Like I said recently, you don’t need to be a saint to invest in green projects.
Nor do you need to be a genius to see the opportunity ahead.
But where specifically to look?
Well, Europe is probably at the front of the queue.
Over there, central bankers are looking at engaging with the green bond market which totals around US$119 billion.
Take this for example, from Bloomberg:
‘The pandemic could easily have derailed Christine Lagarde’s plan to enlist the European Central Bank in the fight against climate change. Only she won’t let it. “It’s a topic that I am very keen about, which I believe has a systemic dimension,” she told journalists after the ECB’s latest monetary policy meeting on Sept. 10.
‘Lagarde made battling global warming a defining feature of her eight-years as managing director of the International Monetary Fund, warning that humanity would be “roasted, toasted, fried and grilled” if it failed to act.’
‘Some of Lagarde’s strongest support comes from Brussels, where European Commission President Ursula von der Leyen is shepherding the rollout of a Green Deal that envisages zeroing out Europe’s net carbon emissions by the middle of this century.’
Now regardless of whether you think Lagarde’s ‘roasted’ claim is hyperbole, it is clear that Europe is hell-bent on green initiatives.
And there are plenty of ASX companies with exposure to the European green push.
For instance, there is the graphene and battery anode company Talga Resources Ltd [ASX:TLG].
They are pushing strongly up the charts from March, which you can see below:
They have a deal with Bentley Motors in place for graphene-based engine parts, as well as significant demand for their Talnode®-C anode product.
In addition to this, they are testing a graphene-based paint on the hulls of cargo ships so it doesn’t wind up in the ocean.
A lot of lead-based paint falls off these ships harming the ocean’s water quality.
US renewables and a potential Green New Deal hinge the on election — still opportunities
Unlike Europe, US central bankers don’t plan on making climate change part of their policy settings.
Jerome Powell, the Chairman of the Federal Reserve said in January, ‘society’s overall response to climate change needs to be decided by elected officials and not by the Fed.’
And the Trump administration is keen to roll back environmental red tape (or sensible regulations depending on your views), in part by neutering the Environmental Protection Agency.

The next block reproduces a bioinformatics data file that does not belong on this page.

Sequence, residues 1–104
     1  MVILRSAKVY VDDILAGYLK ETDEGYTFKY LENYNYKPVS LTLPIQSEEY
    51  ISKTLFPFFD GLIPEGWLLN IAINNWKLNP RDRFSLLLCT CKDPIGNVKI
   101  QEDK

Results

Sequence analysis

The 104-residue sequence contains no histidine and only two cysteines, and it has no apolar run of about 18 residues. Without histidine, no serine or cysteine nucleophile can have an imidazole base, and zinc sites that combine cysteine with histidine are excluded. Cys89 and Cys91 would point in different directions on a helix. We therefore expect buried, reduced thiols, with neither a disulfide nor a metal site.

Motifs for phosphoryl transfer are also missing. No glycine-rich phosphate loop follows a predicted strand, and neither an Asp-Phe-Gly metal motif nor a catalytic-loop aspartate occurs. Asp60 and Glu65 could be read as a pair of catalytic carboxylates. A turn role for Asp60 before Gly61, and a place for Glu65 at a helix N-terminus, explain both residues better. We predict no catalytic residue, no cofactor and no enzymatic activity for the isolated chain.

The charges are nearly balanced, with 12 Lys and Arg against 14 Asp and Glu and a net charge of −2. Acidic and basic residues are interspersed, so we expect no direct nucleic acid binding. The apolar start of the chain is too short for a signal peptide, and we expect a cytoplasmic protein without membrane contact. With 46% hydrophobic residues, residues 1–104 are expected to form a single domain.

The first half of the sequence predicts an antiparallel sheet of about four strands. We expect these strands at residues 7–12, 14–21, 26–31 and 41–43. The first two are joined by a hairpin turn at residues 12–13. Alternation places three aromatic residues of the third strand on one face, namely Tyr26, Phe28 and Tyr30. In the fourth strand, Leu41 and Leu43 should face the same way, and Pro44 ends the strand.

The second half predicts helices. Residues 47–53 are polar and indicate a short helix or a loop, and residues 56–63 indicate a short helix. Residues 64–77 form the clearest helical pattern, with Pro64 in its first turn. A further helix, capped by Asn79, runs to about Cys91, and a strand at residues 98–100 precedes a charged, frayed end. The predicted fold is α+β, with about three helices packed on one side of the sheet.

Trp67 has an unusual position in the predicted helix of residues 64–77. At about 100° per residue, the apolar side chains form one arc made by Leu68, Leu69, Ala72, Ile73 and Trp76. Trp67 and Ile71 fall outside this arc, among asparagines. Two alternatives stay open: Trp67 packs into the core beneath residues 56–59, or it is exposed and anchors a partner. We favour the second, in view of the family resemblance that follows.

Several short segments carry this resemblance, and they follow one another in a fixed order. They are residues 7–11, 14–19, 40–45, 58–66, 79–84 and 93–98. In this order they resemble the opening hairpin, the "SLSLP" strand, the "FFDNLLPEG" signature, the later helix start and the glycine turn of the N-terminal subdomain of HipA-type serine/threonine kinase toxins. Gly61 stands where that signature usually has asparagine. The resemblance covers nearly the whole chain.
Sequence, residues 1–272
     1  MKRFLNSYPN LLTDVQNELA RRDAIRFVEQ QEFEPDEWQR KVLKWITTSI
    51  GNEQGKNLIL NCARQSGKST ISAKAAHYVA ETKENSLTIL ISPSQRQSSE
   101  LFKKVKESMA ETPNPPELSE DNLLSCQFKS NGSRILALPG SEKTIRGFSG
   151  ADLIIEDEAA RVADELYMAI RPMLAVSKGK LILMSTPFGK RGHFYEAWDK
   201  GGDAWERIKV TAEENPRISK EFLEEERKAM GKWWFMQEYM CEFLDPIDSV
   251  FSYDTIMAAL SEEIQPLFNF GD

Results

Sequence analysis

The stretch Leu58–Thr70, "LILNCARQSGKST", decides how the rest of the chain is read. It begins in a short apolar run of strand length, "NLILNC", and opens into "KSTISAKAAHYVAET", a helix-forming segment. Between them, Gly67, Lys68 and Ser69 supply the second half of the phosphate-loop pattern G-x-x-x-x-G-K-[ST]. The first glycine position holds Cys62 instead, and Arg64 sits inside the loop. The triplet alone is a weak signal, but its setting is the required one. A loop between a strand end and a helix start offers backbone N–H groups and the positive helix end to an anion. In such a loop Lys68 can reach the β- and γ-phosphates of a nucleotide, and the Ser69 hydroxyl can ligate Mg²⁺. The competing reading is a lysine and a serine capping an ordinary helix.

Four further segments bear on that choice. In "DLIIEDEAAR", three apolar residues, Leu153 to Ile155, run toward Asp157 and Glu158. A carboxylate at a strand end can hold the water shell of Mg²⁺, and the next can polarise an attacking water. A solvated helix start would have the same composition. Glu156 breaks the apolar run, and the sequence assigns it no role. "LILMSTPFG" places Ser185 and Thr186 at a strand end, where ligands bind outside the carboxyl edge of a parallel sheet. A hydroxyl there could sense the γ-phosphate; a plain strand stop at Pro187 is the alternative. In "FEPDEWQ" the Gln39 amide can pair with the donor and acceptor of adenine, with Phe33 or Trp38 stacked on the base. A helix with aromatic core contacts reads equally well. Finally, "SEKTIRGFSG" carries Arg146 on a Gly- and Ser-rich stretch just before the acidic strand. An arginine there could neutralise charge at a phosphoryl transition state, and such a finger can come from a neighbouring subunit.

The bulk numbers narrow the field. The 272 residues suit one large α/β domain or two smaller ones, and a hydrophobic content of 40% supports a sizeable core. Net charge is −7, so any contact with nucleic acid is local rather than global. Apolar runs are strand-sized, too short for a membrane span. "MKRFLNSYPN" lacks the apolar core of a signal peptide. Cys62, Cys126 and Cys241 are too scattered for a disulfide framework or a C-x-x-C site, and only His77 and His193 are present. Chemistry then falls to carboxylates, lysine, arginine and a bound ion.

But this doesn’t mean green companies can’t succeed in the US under the current administration.
Just check out the chart for First Solar, Inc [NASDAQ:FSLR]:
They are now a US$7.7 billion company.
They are also the biggest weighting in the iShares Global Clean Energy ETF [ICLN], which is on a big run with a year-to-date return of over 40%:
And if Biden gets in, you could reasonably expect a surge in share price for companies and ETFs like these two.
Regardless of where you stand, from a political science perspective I think it’s clear the Democrats are pivoting to the left — particularly on environmental issues.
And that wing of their party is clamouring for a ‘Green New Deal’.
Trillions could pour into the sector should Trump fall in November.
And here’s where Australia comes into the picture.
Australian companies are largely behind the push and here’s one stock to watch
Corporate Australia is increasingly pushing for green initiatives. Perhaps more so than government.
This is reflected in BHP’s $400 million Climate Investment Program.
You may think this is a cynical attempt to massage public optics, but it’s indicative of the increased risk, reputational or otherwise, if corporate Australia isn’t seen to be doing something.
Here’s the chart for one super intriguing company that I’ve watched over the last year too.
That’s a big breakout if I’ve ever seen one.
The company is called Secos Group Ltd [ASX:SES] and they do sustainable packaging.
You can see what their marketing campaign looks like as well:
Source: Company Presentation
I’ve used biodegradable bags before, and strength is a key feature lacking in some of the products.
So, I’ll definitely be looking out for these ones in the future.
We all know the sheer amount of waste in the packaging industry — and it’s worth a whopping US$850 billion.
I don’t expect big companies like Amcor Plc [ASX:AMC] or Orora Ltd [ASX:ORA] to fade away overnight.
But change is coming, and innovation is desperately needed.
As a result, you can expect some big green investing opportunities to present themselves in the coming months and years.
Be prepared to invest accordingly.
For Money Morning
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